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Macon v. Kings Family Restaurant

May 7, 2007

JAMES MACON, PLAINTIFF,
v.
KINGS FAMILY RESTAURANT, DEFENDANT.



The opinion of the court was delivered by: Ambrose, Chief District Judge.

OPINION and ORDER OF COURT

SYNOPSIS

Pending is Defendant's, King's Family Restaurant's, Motion for Summary Judgment relating to Plaintiff's claims of age and gender discrimination. (Docket No. 21). Plaintiff responded thereto. Based on my Opinion set forth below, said Motion is denied.

I. BACKGROUND*fn1

Plaintiff, James Macon, began working for Defendant, King's Family Restaurant, on September 19, 1979, as a bus boy. After holding several positions, Plaintiff was eventually promoted to General Manager. At all times relevant and material hereto, Plaintiff was the General Manager of the Moon Township store, Donald Trischler was Macon's District Manager, Anne Cashman was the Assistant General Manager, and Bridget Weaver was the Assistant Manager. Ms. Cashman and Ms. Weaver reported to Plaintiff.

The General Manager is considered to be the highest ranking position at a particular King's location. It is the General Manager's responsibility to be in control of the store. The General Manager is responsible for the scheduling of managers and disciplining employees. The General Manager reports to the District Manager, who oversees several King's locations in the district.

On November 14, 2004, Ms. Weaver was opening the store between 5:30 and 6:00 a.m. She climbed on a step ladder to turn on the "open" sign. While on the ladder, Ms. Weaver slipped and fell.

Defendant maintains an employee handbook which contains policies and procedures. Defendant has a policy regarding accidents that occur at work. If an accident occurred at one of Defendant's stores, the manager on duty was required to fill out an accident report and administer a drug test. Defendant requires that an accident form be filled out when an injury or the possibility of an injury occurs. The accident form states that it must be completed by the manager on duty before the end of the day. Mr. Trischler stated that the purpose of the drug test in conjunction with an accident was to ascertain whether the cause of the accident was drug related. If it was drug related, Defendant may not be liable for workers compensation.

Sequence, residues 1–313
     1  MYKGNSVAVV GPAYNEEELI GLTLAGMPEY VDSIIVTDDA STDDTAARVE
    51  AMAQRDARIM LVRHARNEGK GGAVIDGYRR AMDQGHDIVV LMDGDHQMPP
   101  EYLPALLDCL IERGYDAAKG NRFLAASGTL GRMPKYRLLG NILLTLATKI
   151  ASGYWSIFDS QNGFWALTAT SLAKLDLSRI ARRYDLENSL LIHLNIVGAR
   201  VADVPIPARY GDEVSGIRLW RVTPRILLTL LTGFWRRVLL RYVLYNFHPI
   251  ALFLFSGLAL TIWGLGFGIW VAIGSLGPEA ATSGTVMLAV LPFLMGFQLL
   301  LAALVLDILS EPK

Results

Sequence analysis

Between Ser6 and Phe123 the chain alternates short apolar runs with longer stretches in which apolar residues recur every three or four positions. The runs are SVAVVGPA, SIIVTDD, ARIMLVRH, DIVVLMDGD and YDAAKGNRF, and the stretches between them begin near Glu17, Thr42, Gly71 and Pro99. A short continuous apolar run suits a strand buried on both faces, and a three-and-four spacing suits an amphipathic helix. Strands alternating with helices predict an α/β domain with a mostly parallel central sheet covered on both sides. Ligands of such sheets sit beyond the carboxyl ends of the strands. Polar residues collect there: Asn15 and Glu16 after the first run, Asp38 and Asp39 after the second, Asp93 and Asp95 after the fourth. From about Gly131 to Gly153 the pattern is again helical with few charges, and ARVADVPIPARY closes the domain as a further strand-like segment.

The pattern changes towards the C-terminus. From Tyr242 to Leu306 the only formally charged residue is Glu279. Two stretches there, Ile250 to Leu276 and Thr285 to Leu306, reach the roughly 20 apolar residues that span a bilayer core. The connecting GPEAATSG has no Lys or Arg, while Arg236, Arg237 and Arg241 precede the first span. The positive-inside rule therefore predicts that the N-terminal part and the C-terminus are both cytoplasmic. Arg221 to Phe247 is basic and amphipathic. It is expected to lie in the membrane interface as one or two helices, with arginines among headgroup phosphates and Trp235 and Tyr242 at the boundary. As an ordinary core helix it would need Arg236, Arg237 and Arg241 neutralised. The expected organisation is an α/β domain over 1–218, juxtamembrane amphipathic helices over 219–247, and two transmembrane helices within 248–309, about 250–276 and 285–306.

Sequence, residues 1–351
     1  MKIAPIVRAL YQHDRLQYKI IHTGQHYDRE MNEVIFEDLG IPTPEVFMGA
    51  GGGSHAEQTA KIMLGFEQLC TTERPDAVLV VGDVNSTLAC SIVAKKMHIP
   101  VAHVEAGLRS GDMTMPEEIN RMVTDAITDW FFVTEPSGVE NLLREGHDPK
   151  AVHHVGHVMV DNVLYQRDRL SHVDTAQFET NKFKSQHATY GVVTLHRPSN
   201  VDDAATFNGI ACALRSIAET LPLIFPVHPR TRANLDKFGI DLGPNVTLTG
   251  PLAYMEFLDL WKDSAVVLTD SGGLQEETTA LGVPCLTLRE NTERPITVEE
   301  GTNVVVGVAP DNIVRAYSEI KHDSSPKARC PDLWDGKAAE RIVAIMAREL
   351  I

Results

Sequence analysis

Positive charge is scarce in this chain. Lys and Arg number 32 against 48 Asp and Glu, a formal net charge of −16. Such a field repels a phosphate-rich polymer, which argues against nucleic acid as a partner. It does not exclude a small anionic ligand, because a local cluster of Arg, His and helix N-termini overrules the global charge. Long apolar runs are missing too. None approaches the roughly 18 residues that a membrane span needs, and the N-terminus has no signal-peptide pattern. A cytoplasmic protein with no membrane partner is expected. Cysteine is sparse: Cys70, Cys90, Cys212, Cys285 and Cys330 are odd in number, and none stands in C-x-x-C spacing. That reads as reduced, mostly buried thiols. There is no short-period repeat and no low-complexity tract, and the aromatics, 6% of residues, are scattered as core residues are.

Ms. Weaver did not fill out an accident report or take a drug test that day. After Ms. Weaver advised Plaintiff of her intention not to file a report, Plaintiff advised Ms. Weaver that it was good she was not filling out an accident report because the safety bonus was the only bonus the store would probably receive.*fn2 Plaintiff never directed Ms. Weaver to fill out the accident report or to take the drug test.

Plaintiff and Ms. Weaver worked together again a few days after the accident. Ms. Weaver approached him again about the accident and said her back was not getting any better and that she wanted to fill out an accident report. Plaintiff admits that he told Ms. Weaver "That's your decision. You got to make it. You made the decision not to fill it out when this happened, and I think with this new drug policy which has only been in effect for seven or eight months they are not going to be happy about that. You made the decision not to fill it out, and now three days later you're in so much pain you need to fill it out. That's your decision, you got to make it...it's your decision, I think they could even fire you." Ms. Weaver asked Plaintiff to sign the accident form and the drug test, which Plaintiff did.

Ms. Weaver contacted Defendant's human resources department and safety department regarding the accident. At the time of the incident, James Covelli was the Employment Manager for Defendant and Pish was the Director of Human Resources. The Employment Manager's responsibilities include investigations regarding employees. The implementation of the drug testing policy as part of the accident investigating protocol was largely due to Mr. Covelli's initiative.

The handbook also sets forth certain violations for which an employee may be immediately terminated. One of those violations is for coercing or intimidating another employee.

Mr. Trischler first became aware of Ms. Weaver's accident when Mr. Pish contacted him. Mr. Pish told Mr. Trischler that Ms. Weaver had fallen off a ladder and had wanted to fill out an accident report, but was told that she should not fill out the accident report. Mr. Pish directed Mr. Trischler to investigate Ms. Weaver's claims. Mr. Trischler requested that Mr. Covelli participate in the investigation and the two of them took written statements from Ms. Cashman and Ms. Weaver. Mr. Trischler also testified that he thought a third written statement might have been obtained from Patter Harpster.

Ms. Cashman stated that she found out about Ms. Weaver's accident on Tuesday, November 16, two days after it occurred. It was Cashman's first day back to work after a vacation. She was informed by another employee that ...


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